“This exhibit of humanity is hauntingly beautiful,” Kyle Morey, AHS Development Director said while speaking to the consulate of Mexico, Rafael Barceló Durazo, during Arizona Historical Society’s closing ceremony for Los Desconocidos: The Migrant Quilt Project. “The artifact that wrings my heart is a little girl’s blue-jean skirt with the label: ‘suenos de caramelos’ which means ‘candy dreams’ or ‘sweet dreams'”.
“Founded in Tucson in the mid-2000s, The Migrant Quilt Project memorializes the stories of migrants who died seeking refuge in the United States,” Vanessa Fajardo, the AHS curator for this exhibit, shared with students from the University of Arizona who were also in attendance at the closing event. “It is a collaborative effort between artists, quiltmakers, and activists to document the names and number of lives lost each year in the deserts of the borderlands.”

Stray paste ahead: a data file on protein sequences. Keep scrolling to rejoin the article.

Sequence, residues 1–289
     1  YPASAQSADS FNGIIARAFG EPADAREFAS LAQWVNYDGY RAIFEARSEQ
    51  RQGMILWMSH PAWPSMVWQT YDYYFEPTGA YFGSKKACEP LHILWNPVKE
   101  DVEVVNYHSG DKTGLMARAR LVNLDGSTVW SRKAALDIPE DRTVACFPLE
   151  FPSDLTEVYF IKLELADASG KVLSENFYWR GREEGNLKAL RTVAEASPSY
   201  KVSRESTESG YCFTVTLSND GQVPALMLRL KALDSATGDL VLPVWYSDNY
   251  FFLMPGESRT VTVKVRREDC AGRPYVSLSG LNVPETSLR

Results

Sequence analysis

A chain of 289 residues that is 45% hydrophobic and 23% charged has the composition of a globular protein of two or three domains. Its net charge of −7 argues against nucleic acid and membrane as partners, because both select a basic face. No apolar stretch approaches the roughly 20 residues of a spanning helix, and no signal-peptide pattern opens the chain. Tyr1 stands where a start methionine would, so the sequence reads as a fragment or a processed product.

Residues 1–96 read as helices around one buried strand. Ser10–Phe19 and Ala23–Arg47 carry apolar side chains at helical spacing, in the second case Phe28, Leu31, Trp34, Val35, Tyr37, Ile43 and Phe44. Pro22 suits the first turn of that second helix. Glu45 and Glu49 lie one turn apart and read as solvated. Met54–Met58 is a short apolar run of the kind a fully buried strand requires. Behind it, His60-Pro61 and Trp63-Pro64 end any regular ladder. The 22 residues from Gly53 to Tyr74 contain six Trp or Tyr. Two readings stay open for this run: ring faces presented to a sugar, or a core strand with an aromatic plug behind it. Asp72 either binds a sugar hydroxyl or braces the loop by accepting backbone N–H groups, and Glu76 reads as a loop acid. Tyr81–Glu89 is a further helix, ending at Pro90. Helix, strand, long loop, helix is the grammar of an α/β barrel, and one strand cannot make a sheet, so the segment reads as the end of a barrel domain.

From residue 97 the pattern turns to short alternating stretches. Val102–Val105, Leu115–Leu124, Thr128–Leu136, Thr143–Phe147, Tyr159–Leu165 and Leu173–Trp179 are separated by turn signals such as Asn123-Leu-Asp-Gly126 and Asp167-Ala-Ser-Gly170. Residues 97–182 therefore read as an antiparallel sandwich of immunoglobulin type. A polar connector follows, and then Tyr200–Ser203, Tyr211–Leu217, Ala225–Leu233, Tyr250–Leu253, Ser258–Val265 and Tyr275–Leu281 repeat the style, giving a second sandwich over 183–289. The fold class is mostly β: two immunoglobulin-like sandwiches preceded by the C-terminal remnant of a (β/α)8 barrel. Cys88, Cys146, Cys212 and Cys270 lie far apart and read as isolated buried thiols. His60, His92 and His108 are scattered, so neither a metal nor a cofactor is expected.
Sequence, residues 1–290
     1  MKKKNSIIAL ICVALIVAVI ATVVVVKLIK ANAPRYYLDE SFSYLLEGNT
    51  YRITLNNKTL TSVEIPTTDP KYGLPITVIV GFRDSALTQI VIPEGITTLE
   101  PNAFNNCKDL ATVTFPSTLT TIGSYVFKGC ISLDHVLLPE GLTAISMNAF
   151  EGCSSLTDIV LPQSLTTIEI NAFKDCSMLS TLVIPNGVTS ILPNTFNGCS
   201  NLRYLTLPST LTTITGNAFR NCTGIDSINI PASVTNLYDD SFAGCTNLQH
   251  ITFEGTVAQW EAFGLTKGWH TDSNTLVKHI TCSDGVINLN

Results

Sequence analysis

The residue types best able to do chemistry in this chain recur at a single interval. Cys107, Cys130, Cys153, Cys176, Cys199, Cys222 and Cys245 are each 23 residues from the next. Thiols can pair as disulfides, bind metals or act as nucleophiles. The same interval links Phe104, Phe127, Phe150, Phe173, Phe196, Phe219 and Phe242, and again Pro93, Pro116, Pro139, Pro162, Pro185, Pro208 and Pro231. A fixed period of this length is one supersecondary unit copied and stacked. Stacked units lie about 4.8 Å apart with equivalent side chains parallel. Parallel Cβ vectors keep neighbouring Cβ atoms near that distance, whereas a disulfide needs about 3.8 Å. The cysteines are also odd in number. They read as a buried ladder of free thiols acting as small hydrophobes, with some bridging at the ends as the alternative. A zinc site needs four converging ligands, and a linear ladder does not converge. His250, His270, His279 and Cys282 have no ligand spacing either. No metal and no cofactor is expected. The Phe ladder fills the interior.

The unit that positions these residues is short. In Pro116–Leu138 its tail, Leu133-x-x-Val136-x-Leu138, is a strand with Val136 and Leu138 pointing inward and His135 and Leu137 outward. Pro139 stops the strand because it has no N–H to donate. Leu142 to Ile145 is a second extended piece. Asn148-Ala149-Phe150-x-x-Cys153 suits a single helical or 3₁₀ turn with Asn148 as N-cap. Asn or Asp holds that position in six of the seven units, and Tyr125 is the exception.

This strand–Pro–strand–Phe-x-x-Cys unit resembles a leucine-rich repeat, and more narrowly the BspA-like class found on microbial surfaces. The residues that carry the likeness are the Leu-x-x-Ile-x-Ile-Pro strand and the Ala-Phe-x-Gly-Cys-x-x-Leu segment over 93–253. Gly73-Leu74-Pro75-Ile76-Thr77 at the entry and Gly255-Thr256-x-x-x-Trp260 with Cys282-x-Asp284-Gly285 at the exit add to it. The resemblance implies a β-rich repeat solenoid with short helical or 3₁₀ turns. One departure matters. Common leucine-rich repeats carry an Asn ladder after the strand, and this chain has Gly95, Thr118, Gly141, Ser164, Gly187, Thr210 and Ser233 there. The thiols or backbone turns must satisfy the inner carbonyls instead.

According to The International Quilt Museum: “Between 1997 and 2017, U.S. Border Protection reported more than 2,700 deaths in the Tucson Sector. Human remains that cannot be identified are labeled “unknown” or desconocido in Spanish. The Migrant Quilt Project calls attention to the humanity of those who die trying to cross the Mexico-U.S. border—the would-be immigrants whose names and personhood are often missing from abstract conversations about illegal immigration.”
Los Desconocidos: The Migrant Quilt Project opened at the Arizona History Museum in Tucson on January 20, 2022 and ran until February 28, 2023 when a special closing ceremony was held in partnership with the Tucson Hispanic Chamber of Commerce.
View pictures of both the closing event and the exhibit HERE.